Tourism is the world's largest economic sector in terms of both earnings and in number of people employed. Colorado Springs is America's largest metropolitan area nestled by a national park. We need to build on this competitive strength. Coupled with our abundant sunshine, wonderful weather and lack of humidity, the Pikes Peak region could become a much larger tourist destination -- with nearby camping, fishing, hunting, hiking, climbing, kayaking and biking during the day and cultural activities and shopping by night.
Idea: Invest in our culturtal institutions
Colorado Springs is the largest city in the United States that has never had a professionally staffed arts and culture commission. While there are more than 100 professionally staffed arts and cultural nonprofits, they get no financial support from local governments. Currently, Colorado Springs is dead last among the largest American cities for the amount spent per capita on support of the arts. Combined with the fact that the state of Colorado also ranks 49th in per capita state support for the arts, there is not enough support to fund these institutions that are so important to making our city more attractive to both high tech companies and creative workers. The difference between cultural mediocrity and world-class activities is just pennies per person per week (see www.pikespeakartscouncil.org).
Idea: Bullet trains
By 2025, we should work with Denver to develop high-speed bullet trains between Colorado's two largest cities. Government-financed bullet trains are a reality in Japan and France, whisking passengers at 200 miles per hour between cities. A high-speed bullet train network from Pueblo to Ft. Collins should be in our close-range future. Other states are already working on such measures. For example, in 2000, Florida's voters endorsed an amendment directing its Legislature to develop and operate a high-speed ground transportation system capable of speeds in excess of 120 mph. There is no denying that the technology exists here to make the Colorado Springs to Denver trip in just a half hour (seewww.media - visions.com/colorado/transportation.html)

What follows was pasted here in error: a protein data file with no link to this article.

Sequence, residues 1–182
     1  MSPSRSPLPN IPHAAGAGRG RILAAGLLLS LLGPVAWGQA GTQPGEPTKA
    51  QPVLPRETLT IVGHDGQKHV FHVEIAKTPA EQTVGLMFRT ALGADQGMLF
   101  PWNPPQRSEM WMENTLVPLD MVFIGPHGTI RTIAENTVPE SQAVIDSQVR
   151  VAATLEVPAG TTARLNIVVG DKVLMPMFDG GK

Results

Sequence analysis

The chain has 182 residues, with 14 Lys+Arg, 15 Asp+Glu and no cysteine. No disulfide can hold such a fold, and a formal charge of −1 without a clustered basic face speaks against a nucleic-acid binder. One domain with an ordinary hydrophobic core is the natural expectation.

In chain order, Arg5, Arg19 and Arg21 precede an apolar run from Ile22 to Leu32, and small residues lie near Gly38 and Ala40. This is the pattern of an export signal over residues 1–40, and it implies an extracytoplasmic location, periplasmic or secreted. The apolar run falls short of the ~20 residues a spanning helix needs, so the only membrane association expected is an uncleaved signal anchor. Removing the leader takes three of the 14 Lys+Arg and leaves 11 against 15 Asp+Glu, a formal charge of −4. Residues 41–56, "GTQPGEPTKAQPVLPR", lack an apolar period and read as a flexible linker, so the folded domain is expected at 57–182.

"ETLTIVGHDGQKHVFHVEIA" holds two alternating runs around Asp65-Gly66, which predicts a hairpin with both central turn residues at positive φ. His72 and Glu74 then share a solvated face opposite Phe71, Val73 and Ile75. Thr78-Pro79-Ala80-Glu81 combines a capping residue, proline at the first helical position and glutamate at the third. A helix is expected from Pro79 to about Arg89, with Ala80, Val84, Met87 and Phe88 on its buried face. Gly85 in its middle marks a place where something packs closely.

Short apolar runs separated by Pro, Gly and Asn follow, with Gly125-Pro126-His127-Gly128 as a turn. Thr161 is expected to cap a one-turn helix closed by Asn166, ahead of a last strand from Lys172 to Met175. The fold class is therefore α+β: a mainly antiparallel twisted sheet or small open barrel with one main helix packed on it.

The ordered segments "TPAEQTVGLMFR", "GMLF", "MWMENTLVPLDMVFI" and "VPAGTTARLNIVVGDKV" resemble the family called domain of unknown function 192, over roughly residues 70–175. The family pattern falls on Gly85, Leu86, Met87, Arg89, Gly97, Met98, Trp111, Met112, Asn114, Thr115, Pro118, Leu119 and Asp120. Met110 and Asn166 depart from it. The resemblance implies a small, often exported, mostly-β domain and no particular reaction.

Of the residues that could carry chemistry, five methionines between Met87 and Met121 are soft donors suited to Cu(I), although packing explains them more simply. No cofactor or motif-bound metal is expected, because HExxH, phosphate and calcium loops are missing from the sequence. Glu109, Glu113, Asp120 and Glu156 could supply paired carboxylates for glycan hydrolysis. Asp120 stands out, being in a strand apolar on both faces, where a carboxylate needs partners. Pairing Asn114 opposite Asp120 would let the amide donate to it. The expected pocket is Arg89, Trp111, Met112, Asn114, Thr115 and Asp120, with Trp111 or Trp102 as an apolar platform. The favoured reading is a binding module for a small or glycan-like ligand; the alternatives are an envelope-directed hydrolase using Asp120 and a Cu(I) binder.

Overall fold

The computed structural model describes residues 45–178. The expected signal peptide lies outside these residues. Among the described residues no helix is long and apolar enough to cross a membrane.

Idea: Nurture downtown
A decade ago, downtown was dead. Besides the Poor Richard's complex (anyone still remember the Flick?) and the Ritz Grill, there was not much going on. Thanks to the work of former Mayor Mary Lou Makepeace as well as the Downtown Partnership and dozens of entrepreneurs and developers, we've got the Farmers' and Artists' Market, Kimball's Twin Peak Theater, the Uncle Wilber Fountain, 32 Bleu, Phantom Canyon brewpub and pool hall, sidewalk dining, and more than 100 unique diverse establishments. With the planned expansion of both Colorado College and the Fine Arts Center's art and cultural offering, CC's new civic engagement initiative, the expanded downtown improvement district, the creation of Confluence Park and development of the DADA arts district, the future of downtown appears bright. We need to continue efforts to make downtown the cultural center of our community.